Though not an orthodox Marxist, Piketty uses much of Marxism’s methodology. While often weak on solutions, he is usually spot on in analysis of problems—including this collaborative project in the Guardian. I can’t possibly do it justice in the confines of the WIR but I will deal with some of its highlights from time to time next year. I recommend that you read it.

In Brief…

* A Better Connection—A New York Times story opened “Stemming the tide of rising economic insecurity for service workers, a major union has won significant job protection and increased pay for about 20,000 AT&T wireless employees, as well as a commitment to bring work back from overseas.”

* Not Just Numbers—After analysis by the New York Times indicated over 1,000 residents of Puerto Rico have died because of the devastation caused by Hurricane Maria—far in excess of the official count of 62–the Island’s Governor has ordered a fresh reexamination of all deaths in that time frame. Many outside San Juan are still without reliable access to electricity or drinking water.

* Better Buy American—Today’s Guardian reports “The Trump administration will drop climate change from a list of global threats in a new National Security Strategy the president is due to unveil on Monday. Instead, Trump’s NSS paper will emphasize the need for the US to regain its economic competitiveness in the world.”

* Tending to Their FLOC—Whether or not you have a decorated once living tree in your living room, I recommend a mostly inspiring holiday story by the prolific Mike Elk about a big victory by the Farm Labor Organizing Committee for Latino workers planting and cutting Christmas Trees in North Carolina. Their employer Hart-T-Tree Farm not only stole some of their wages but also exposed them to dangerous conditions including toxic chemicals. In addition to commitments to correct these complaints, the union won 330,000 dollars in back wages owed to 54 workers.

* Once Joint, Now None—One of the few substantial victories for workers during the Obama era National Labor Relations Board was the 2015 Browning Ferris. It established a principle of “joint responsibility” of corporations with their contractors and franchises in collective bargaining. That decision opened a clear legal path for the massive 15 and a Union movement to win recognition and contracts in franchises of huge fast food chains like McDonald’s and Burger King. Last Thursday, by a 3-2 vote, the now Republican Board majority reversed that decision.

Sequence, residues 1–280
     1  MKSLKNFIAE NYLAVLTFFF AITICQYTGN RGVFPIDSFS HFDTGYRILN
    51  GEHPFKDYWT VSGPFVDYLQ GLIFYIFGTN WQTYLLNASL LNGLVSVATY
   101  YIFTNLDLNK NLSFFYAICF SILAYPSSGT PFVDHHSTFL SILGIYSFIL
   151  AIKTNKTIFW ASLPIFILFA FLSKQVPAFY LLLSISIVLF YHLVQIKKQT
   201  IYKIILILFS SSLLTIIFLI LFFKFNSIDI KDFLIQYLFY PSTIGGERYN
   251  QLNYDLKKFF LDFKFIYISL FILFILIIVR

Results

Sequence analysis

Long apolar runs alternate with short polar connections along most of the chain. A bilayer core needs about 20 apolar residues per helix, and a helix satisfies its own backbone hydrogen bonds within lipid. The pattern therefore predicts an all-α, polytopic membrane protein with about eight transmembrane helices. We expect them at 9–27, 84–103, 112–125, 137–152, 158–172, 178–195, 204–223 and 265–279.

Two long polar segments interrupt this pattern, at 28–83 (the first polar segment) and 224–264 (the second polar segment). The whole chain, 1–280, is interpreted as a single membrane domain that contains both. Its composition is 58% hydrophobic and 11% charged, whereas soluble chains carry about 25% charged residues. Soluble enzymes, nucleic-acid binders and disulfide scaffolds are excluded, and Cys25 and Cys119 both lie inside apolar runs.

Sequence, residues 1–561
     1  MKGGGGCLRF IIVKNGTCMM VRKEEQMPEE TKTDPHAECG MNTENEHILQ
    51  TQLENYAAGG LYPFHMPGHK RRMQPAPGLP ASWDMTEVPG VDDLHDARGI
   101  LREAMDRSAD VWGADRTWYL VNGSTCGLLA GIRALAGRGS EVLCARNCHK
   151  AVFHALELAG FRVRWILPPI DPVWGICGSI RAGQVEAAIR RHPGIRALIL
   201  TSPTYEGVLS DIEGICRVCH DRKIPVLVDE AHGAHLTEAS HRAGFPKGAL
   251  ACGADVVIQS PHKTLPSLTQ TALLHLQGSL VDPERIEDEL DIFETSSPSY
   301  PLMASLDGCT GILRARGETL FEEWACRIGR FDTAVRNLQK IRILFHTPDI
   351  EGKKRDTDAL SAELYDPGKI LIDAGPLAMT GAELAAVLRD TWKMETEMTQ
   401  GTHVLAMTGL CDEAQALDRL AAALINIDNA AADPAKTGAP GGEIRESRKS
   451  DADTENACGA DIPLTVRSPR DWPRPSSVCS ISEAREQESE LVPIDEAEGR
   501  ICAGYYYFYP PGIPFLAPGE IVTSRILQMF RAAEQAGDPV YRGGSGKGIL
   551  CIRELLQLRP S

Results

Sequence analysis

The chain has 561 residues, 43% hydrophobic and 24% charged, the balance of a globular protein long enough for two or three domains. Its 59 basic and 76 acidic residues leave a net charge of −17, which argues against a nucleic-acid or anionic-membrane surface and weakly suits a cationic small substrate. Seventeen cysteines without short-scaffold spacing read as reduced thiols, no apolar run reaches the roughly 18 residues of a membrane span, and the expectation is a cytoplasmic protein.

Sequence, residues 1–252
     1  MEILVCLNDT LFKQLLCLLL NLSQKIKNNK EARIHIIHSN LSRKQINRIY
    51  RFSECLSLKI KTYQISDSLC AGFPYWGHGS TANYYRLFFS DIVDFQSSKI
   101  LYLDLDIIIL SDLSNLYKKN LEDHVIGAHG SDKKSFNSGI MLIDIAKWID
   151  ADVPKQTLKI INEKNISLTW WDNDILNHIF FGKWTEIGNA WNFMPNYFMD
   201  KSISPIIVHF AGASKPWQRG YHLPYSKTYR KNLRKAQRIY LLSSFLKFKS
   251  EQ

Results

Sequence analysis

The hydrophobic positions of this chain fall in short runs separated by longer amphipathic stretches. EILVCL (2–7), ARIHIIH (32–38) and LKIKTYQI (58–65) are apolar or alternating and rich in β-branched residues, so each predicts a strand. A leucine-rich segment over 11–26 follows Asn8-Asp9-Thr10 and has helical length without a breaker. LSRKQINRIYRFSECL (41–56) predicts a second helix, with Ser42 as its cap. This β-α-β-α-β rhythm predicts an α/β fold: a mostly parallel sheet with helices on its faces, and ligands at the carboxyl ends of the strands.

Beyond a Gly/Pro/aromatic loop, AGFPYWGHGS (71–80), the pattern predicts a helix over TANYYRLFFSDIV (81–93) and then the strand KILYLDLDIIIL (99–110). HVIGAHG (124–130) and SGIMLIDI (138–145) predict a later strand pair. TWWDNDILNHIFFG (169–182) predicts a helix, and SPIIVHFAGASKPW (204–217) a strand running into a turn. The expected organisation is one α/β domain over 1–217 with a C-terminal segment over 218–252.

* If You Don’t Hear From Me For Awhile…–According to a report from the Committee to Protect Journalists 262 around the world are in jail simply for doing their work as reporters. They are mostly victims of politically motivated charges of “supporting terrorism” or even “fake news.” Turkey, China and Egypt are the worst offenders.

This will be the last WIR of 2017. I observe all holidays that promote time off from work and consumption of good food and beverage. After today I begin my annual holiday break and will resume postings in the first week of January.

Though I am not religious I don’t resent anyone wishing me a Merry Christmas or Xmas. Unless you use a different calendar I wish all readers a Happy New Year.

That’s all for this year.


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Week In Review December 13

 Week In Review  Comments Off on Week In Review December 13
Dec 132017
 

  by Bill Onasch

Why Are There So Many____?

I call a perceptive reader in Chicago an old friend even though he is more than a decade away from the 75 I marked last Friday. For over thirty years we have had more or less monthly Sunday morning telephone chats of some length about matters both political and personal. I often use his suggestions for topics in the WIR.

But I have so far neglected one he has raised more than once—in addition to big overarching issues like climate change, war, and human rights we should also note the increasing difficulties in ordinary daily life of working people.

A headline over a useful article in the Tuesday New York Times read–Tax Plan’s Biggest Cuts Could Be in Living Standards.